Medicare claims data serves as a running health record for 53 million Americans. As patients move through the health care system, providers often struggle to gain and maintain a complete picture of their medical history. Without a unifying system, patients bear the burden of maintaining their medical records and briefing each new provider on their medical history and current care regimen. Doing so wastes valuable time during medical appointments that could be better spent addressing the patient’s current medical issues.
The Centers for Medicare & Medicaid Services tapped USDS to work alongside them to build Blue Button, an application programming interface (API) that opened Medicare claims data to third-party developers. Blue Button allows beneficiaries to access data that lets them and their caregivers monitor drug conflicts, view visit history, and track progress towards desired healthcare outcomes. Three years later, building on top of data made available through the Blue Button API, a small USDS team created and launched Data at the Point of Care, making patients’ Medicare claims data available to their providers.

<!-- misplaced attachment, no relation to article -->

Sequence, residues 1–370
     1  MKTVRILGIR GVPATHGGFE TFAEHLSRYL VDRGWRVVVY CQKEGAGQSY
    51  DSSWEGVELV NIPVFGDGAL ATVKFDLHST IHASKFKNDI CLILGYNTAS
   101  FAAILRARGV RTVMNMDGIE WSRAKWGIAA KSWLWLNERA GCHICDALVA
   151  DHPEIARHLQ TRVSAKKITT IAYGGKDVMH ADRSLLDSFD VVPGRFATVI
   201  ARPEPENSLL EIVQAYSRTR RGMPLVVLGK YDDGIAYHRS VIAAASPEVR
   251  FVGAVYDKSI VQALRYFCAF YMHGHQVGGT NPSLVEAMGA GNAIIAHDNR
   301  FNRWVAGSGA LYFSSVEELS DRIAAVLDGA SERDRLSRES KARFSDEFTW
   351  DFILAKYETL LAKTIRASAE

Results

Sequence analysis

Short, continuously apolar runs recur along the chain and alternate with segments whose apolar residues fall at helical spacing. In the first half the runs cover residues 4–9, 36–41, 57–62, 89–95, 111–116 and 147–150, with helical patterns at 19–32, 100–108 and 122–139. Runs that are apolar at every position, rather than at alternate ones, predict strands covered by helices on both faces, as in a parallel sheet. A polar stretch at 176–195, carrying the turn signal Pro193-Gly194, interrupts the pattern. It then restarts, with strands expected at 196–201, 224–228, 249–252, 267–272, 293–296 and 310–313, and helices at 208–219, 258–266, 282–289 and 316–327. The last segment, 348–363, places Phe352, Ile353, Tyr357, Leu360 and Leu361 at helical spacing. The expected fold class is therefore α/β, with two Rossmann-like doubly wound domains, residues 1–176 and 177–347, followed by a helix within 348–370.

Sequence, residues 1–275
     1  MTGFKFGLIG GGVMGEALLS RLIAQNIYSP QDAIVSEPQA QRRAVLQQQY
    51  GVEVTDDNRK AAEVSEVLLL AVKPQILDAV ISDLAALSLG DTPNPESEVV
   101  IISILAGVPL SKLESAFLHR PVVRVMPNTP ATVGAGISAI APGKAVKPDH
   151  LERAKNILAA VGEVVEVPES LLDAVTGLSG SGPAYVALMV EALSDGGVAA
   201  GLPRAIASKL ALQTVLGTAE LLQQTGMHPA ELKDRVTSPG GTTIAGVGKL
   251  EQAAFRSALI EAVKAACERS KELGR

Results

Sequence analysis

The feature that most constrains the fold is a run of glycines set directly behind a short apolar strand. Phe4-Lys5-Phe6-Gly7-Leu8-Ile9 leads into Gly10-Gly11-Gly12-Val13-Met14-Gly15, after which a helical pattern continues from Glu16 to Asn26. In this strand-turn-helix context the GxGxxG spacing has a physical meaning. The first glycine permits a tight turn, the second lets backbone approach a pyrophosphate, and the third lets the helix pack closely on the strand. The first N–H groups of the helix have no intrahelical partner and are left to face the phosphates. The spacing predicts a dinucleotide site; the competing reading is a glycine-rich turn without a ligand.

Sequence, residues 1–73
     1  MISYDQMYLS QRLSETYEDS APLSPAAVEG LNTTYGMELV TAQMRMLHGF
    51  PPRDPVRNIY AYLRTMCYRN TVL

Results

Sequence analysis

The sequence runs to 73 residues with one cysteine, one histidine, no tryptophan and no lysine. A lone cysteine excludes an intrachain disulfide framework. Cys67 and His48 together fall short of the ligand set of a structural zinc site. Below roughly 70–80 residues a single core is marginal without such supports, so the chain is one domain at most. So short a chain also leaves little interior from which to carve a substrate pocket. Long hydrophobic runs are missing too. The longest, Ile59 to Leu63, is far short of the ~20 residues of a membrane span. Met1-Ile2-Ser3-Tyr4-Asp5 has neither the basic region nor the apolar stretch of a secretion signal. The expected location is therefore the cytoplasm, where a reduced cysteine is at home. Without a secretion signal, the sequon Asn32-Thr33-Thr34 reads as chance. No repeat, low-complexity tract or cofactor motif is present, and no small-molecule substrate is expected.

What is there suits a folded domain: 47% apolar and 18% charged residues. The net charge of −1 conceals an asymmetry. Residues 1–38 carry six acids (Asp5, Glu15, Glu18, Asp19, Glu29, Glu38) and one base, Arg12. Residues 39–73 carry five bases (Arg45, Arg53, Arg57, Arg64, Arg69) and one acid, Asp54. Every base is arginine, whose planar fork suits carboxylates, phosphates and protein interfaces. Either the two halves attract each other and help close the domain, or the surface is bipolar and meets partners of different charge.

Blue Button and Data at the Point of Care help give beneficiaries and their providers a 360‑degree view of past diagnoses, procedures, and medications. Instead of forcing patients to recall and retell their entire medical history at each visit, providers can use Medicare claims information to confirm a patient’s understanding of their medical history, fill in gaps in care, and improve patient safety. This not only enables Americans to make better medical decisions (such as monitor for drug conflicts and refill prescriptions) but also reduces the government’s burden to build and maintain technically complex software solutions for every possible use case.
In August 2018, USDS hosted the Blue Button Developer Conference at the White House where Amazon, Microsoft, Oracle, Google, Salesforce, and IBM all pledged to use the data standard Blue Button 2.0 is built on.